Among drivers age 16-17, says the CDC, the rate of crashes involving a driver who has been drinking plunged by 60 percent. For 18-to-20-year-olds, they dropped by 55 percent. Among those above age 25, by contrast, the decline was just 39 percent. Since 1999, fatality rates have risen a bit for every age group--except 16- and 17-year-olds.I'm not totally convinced, but it seems to make sense.
Our "pathological obsession with safety" has done much to extend the life expectancy of teenagers. Chuck Hurley, vice president of the National Safety Council, says the data indicate that the higher drinking age saves about 1,000 lives a year. Drinking and driving used to be the leading cause of death among teenagers. Not anymore.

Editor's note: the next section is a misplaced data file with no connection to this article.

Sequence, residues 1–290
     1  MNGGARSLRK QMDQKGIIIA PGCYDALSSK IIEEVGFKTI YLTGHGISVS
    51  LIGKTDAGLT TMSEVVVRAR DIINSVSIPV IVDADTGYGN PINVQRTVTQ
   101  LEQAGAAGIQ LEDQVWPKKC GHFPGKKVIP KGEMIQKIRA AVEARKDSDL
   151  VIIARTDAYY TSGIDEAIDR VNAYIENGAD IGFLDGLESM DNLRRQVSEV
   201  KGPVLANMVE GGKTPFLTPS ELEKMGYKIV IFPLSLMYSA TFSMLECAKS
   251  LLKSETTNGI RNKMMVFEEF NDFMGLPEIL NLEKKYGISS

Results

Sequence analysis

What accounts for the progress? There's an obvious explanation: Those under 21 can no longer buy liquor legally. All states were required to raise their drinking age by 1988 as a condition of getting federal highway funds.
Let's not overstate the impact of the higher drinking age. Alas, not all teenagers have sworn off alcohol. But the 21-year-old rule does pose something of an obstacle for minors, as the Bush daughters can attest.
[S]etting the floor at 21 instead of 18 creates a bigger hurdle for high school kids, because they're less likely to have friends old enough to buy for them. Most adolescents say it's harder to buy beer than it is to get marijuana.
Tuesday, December 10, 2002
How often have we heard teenagers complain that the 21-year old drinking age is arbitrary and that European kids drink young? In the Chicago Tribune (reg. req'd), Steve Chapman offers what he sees as good logic behind the 21-year old drinking age.
By Kate at 3:23 PM